Blackberry jam

My mother and I used to sit at the kitchen counter when we were younger, her picking the apple pieces from a jar of blackberry jam and me snatching them up to eat with sticky fingers. I found them delicious, she, a distraction.

It was true they didn't really belong. We added them to our haul for pectin, stirring tiny chunks of tart apples into the thick, seedy mass of deep magenta berries in hopes that it would gel. With every thick spoonful that she spread on toast, my mother would oust the interlopers, picking them from their sweet roost and leaving them to her delighted child.

The flavor of apple-blackberry is still a favorite of mine. This week, when tart early apples appeared at the Provincetown farmers' market and the berries began to ripen, I walked, boxes in hand, down a nearby dirt road to pick my fill. Diving into the underbrush, I picked quart upon quart, stomping through poison ivy and thorny canes as the drupelets crushed beneath my fingers.

Later that afternoon, I found myself standing over a heavy bottomed pot, stirring berries and apples as a sweet steam rose on my brow. I'd called my mother for her recipe. "I don't have one," she'd said. "I just sort of wing it." And so winging it I was, consulting the Joy of Cooking for sugar ratios and adding apple chunks on sight.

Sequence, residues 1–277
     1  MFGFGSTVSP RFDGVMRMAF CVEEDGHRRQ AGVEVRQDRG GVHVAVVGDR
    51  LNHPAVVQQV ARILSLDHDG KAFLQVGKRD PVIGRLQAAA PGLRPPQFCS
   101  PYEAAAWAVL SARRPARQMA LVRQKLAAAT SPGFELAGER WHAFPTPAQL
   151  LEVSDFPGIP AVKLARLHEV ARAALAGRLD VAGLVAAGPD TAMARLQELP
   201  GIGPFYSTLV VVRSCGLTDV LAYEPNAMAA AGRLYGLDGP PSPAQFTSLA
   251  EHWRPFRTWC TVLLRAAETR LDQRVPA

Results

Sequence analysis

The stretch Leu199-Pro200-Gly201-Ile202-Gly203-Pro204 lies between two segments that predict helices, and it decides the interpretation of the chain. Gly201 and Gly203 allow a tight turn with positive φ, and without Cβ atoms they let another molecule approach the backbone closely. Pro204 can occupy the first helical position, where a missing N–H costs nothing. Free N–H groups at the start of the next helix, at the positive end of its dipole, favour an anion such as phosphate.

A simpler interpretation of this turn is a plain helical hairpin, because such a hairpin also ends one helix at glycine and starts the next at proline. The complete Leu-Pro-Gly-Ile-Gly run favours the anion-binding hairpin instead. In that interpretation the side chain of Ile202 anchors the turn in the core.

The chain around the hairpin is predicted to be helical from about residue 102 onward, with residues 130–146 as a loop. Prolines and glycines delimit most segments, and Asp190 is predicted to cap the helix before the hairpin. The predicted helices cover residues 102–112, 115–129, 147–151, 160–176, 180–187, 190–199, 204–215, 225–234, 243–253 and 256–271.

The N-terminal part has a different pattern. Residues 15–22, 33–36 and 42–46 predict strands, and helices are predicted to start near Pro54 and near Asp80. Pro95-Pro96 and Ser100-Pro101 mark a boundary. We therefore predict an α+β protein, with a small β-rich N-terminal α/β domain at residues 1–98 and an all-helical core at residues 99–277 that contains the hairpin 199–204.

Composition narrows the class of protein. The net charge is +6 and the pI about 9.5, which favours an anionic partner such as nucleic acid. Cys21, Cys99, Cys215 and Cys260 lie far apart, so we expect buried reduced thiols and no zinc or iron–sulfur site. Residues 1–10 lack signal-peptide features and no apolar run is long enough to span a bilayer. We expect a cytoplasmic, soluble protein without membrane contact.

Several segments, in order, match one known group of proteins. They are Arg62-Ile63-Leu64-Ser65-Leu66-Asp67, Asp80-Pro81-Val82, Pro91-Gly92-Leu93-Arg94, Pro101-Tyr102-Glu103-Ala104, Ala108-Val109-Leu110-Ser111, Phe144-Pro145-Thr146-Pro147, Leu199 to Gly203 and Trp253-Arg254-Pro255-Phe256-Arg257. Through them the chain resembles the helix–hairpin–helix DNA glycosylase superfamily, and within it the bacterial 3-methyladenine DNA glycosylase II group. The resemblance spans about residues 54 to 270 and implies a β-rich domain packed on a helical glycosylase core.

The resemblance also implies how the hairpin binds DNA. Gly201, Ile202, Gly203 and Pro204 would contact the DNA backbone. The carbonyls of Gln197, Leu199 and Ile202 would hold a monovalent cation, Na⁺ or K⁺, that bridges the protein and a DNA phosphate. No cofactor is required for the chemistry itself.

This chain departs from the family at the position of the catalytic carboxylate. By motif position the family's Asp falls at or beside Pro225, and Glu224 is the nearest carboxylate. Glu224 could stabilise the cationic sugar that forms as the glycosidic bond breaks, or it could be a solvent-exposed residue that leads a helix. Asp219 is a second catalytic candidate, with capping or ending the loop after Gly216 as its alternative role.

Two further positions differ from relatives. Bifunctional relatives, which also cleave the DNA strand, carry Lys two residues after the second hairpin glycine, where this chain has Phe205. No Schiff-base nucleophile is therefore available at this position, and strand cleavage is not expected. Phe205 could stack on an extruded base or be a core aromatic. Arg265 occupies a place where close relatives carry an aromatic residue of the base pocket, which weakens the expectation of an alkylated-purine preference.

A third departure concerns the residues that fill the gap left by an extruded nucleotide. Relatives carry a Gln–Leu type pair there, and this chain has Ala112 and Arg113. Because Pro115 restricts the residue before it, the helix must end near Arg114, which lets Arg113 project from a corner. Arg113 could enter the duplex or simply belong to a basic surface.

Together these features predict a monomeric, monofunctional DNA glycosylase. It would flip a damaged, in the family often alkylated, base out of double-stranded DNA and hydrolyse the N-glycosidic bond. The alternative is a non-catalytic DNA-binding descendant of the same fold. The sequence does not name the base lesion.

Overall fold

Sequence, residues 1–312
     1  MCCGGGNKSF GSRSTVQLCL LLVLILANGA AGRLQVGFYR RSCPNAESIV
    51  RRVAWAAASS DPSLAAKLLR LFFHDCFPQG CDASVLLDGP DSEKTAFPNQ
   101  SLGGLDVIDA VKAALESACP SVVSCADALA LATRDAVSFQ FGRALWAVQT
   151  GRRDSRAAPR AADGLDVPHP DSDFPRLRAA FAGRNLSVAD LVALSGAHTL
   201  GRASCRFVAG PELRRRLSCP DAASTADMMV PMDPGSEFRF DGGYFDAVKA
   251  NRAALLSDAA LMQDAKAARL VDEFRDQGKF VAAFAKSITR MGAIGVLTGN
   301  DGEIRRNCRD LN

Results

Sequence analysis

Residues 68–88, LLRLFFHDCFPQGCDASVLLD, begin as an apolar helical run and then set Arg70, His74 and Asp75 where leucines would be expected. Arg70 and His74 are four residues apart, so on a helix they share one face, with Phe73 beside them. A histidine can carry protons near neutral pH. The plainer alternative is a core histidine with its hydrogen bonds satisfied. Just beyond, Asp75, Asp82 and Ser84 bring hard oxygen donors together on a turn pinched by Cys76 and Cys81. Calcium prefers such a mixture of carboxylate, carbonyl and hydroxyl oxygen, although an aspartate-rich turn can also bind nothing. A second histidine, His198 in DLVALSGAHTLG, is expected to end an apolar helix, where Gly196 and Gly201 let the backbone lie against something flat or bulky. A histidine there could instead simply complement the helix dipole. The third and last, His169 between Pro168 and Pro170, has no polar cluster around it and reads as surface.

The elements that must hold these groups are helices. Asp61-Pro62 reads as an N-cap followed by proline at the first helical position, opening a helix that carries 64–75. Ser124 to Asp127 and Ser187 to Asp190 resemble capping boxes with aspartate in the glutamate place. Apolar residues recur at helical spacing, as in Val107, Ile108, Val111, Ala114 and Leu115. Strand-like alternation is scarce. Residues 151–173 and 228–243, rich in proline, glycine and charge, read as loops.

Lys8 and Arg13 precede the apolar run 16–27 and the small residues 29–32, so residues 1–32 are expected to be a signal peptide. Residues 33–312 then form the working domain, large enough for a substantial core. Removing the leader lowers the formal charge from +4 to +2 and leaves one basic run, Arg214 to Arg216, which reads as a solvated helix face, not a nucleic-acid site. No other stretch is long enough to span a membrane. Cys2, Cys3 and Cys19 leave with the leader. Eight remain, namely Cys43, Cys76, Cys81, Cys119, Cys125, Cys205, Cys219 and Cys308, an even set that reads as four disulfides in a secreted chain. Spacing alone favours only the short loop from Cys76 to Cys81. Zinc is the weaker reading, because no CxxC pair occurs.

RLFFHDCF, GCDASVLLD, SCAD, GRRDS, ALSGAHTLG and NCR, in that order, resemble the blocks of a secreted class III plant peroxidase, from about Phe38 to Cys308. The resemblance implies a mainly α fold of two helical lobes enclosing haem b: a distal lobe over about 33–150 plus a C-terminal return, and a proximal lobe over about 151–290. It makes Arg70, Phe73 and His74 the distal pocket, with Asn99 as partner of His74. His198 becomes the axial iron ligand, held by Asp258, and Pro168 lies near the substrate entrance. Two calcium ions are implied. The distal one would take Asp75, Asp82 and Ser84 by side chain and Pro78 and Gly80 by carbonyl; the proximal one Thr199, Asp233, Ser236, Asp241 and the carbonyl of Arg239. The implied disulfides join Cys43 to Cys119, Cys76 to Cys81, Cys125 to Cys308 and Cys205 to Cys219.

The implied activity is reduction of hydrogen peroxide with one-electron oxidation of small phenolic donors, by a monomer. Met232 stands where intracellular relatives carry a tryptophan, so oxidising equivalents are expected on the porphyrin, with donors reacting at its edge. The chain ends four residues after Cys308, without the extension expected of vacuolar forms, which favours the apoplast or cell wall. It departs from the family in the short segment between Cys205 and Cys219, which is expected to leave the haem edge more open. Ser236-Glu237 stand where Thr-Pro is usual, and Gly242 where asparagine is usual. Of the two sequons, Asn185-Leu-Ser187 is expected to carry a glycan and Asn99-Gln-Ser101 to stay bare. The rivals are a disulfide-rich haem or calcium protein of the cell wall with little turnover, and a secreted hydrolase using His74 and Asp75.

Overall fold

Almost an hour later, as eight jars bubbled hot in a water bath over the back burner, the jam began to sheet off my wooden spoon and I knew time was up. I poured the preserves into the glass, wiped the rims with a sterile cloth, and sealed the berries away for winter toast. With seven jars full, I managed to tuck away the extra half cup into the eight for breakfast the next morning.

We woke early this morning, spoon it over hot cornbread, and sat down to enjoy—apple and all. It was just as good as I remembered.


Makes 7 pints plus a little extra for eating fresh

In a large, heavy bottomed, non-reactive pot, heat 3 quarts of fresh picked blackberries and 3 finely chopped tart, early apples over medium heat until the fruit begins to weep. Add 9 cups sugar and stir until dissolved. Bring to a slow boil, stirring frequently, and continue to simmer about 25 minutes, until the liquid begins to sheet off a wooden spoon.

Keep in mind that jam thickens quite a bit as it cools; you can always turn off the heat, let the mixture cool, and keep cooking if it's not thick enough—this is better than making 7 jars of rock hard jam. Test as you cook by pouring a small amount of the liquid onto a plate and waiting to see its consistency as it cools over the next few minutes.

When jam consistency is right, pour into 7 sterile pint jars, leaving one half-inch head room. Take care to clean rims of jars with a cloth dipped in boiling water and to seal with sterile lids. Screw caps on tightly as tightening later may break the seal. Leave upside down on a cloth to cool overnight; check seals, label, and store in a cool dark place.


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